Integrated molecular profiling of melanoma cell lines reveals genotype-drug phenotype associations giving insight on development of combination therapies
Adaptive survival responses to targeted therapy reduce therapeutic benefit, and thus there is a need to identify drug combinations that co-target both oncogenic drivers and critical adaptive responses. We screened a panel of twelve V600E BRAF melanoma cell lines with a library of targeted drugs, and identified the combination of lapatinib (a HER family inhibitor) plus PLX4720 (a RAF inhibitor) as synergistically cytotoxic in the six lines that displayed complete or partial resistance to PLX4720 alone. To understand the mechanism(s) of drug resistance and synergy, and to identify potential biomarkers for utilization of this combination, we have performed an extensive molecular analysis of the cell lines and their responses to treatment with the drugs, singly and in combination. Alamar blue was used to calculate the cytotoxic effects of the drugs, and the cells were profiled by gene expression microarrays and reverse phase protein microarrays, before and after drug treatment. DNA methylation microarrays, and exome sequencing were used to identify the epigenetic and genetic context of the lines. Unsupervised hierarchical clustering analysis of the cytotoxic effects of the single drug and combinatorial treatments revealed four well defined groups: synergistic to combination treatment, PLX4720 sensitive, lapatinib resistant, and insensitive to either drug. The cell lines were analyzed using principal component analysis on the basal gene expression profiles. This analysis revealed four major clusters whose membership was identical to the clusters observed in the cytotoxicity analysis, indicating a strong genotype-drug phenotype relationship (i.e. cell lines that showed similar basal transcriptional programs also demonstrated similar responses to treatment. Differential gene expression analysis was performed between the synergistic group and each of the other groups. The most prominent gene expression differences were between the synergistic and PLX4720 sensitive lines, which correlated with differences in MITF expression and transcriptional output. Changes in gene expression and phosphoproteome levels in response to PLX4720 and lapatinib treatment between the four groups were used to identify genes and pathways associated with drug resistance and synergy. Genes involved in apoptosis and cell cycle regulation were found that could play a role in conferring resistance and synergistic response to PLX4720 and lapatinib treatment. These differing patterns of adaptive responses provide insights into molecular mechanisms of drug resistance and synergy and a pathway to rational construction of drug combinations.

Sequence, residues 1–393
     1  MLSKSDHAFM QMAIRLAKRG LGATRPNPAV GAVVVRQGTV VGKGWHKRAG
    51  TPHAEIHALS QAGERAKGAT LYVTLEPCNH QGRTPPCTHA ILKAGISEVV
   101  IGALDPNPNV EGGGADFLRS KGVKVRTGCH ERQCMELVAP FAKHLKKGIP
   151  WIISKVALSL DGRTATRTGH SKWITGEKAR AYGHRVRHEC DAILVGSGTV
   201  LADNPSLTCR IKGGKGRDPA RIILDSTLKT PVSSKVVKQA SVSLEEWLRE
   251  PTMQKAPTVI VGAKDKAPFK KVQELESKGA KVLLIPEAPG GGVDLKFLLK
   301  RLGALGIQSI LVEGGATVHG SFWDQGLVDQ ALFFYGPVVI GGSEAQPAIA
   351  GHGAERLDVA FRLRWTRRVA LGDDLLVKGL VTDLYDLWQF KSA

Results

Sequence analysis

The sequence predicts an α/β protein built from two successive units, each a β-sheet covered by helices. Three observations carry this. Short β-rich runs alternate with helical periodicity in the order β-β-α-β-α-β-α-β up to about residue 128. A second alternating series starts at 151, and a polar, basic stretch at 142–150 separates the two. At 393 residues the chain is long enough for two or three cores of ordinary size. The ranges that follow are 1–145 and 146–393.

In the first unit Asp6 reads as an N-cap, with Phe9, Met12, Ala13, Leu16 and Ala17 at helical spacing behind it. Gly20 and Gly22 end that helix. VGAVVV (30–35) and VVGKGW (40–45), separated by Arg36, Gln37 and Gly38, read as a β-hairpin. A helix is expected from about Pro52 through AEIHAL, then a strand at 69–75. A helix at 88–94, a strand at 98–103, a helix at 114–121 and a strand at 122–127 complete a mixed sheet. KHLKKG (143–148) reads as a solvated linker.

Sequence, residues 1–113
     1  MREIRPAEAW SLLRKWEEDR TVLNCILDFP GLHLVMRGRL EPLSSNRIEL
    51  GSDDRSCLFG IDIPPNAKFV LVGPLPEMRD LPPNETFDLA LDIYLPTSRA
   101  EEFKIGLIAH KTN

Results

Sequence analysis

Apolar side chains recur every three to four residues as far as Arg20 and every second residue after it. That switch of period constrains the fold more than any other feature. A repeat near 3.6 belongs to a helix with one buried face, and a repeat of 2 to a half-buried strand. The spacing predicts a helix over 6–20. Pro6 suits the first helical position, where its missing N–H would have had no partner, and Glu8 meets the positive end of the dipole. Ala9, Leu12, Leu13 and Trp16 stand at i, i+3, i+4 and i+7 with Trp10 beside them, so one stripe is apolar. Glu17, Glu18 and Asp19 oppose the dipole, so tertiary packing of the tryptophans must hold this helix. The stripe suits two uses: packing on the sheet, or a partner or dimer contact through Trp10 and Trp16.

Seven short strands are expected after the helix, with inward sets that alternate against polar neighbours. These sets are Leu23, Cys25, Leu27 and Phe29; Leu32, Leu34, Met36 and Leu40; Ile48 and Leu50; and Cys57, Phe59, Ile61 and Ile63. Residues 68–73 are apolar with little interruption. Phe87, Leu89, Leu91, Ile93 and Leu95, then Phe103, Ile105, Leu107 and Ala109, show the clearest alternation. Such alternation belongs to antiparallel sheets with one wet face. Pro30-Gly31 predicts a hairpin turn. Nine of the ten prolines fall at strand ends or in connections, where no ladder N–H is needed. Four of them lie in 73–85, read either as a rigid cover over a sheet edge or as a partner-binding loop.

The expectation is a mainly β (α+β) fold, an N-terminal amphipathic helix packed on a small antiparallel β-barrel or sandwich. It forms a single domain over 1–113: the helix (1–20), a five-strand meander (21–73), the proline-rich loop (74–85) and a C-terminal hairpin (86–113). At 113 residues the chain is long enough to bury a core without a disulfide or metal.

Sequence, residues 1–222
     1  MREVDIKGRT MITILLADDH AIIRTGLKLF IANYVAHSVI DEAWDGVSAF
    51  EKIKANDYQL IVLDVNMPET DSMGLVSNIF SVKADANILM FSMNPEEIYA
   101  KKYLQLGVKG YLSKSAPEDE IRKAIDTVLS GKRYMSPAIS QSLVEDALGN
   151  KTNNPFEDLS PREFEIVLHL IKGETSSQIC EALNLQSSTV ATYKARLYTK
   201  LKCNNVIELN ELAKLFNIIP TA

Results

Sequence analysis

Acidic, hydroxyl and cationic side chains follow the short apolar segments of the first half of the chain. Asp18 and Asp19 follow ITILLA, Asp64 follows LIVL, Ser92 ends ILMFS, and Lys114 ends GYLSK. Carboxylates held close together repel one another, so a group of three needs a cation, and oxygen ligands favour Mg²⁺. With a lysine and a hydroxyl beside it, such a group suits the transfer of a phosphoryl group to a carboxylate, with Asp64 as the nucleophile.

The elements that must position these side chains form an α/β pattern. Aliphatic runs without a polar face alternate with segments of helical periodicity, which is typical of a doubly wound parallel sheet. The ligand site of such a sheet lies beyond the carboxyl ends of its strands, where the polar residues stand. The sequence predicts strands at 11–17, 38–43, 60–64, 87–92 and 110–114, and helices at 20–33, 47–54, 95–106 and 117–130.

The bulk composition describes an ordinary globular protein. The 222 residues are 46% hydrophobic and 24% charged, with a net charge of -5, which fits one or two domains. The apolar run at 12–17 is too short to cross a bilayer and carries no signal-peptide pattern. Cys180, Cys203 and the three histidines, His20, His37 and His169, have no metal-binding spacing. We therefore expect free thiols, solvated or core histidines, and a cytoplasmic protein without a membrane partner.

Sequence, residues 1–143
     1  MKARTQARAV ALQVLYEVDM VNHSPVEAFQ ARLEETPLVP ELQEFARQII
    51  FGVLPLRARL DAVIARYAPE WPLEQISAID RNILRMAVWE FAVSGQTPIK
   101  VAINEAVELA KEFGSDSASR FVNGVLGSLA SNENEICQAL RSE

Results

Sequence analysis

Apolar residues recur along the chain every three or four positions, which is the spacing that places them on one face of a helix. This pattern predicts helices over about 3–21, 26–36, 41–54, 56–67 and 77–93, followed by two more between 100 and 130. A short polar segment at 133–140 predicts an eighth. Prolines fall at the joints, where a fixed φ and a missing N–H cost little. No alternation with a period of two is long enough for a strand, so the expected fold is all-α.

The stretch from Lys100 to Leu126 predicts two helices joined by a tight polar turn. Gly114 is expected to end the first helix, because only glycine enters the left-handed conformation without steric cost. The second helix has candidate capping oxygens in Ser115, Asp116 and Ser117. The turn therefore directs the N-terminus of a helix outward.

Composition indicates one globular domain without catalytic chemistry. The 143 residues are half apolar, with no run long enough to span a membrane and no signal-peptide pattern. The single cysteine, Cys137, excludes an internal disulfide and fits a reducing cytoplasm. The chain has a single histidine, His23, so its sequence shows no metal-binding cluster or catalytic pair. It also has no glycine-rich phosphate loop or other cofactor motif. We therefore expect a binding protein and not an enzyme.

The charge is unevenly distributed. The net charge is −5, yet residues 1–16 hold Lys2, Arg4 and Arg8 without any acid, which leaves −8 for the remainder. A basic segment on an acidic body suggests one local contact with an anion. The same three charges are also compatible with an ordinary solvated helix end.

Citation Format: Brian J. Capaldo, Devin G. Roller, Mark Axelrod, Alex Koeppel, Michael J. Weber, Aaron Mackey, Dan Gioeli, Stefan Bekiranov. Integrated molecular profiling of melanoma cell lines reveals genotype-drug phenotype associations giving insight on development of combination therapies. [abstract]. In: Proceedings of the 105th Annual Meeting of the American Association for Cancer Research; 2014 Apr 5-9; San Diego, CA. Philadelphia (PA): AACR; Cancer Res 2014;74(19 Suppl):Abstract nr 4166. doi:10.1158/1538-7445.AM2014-4166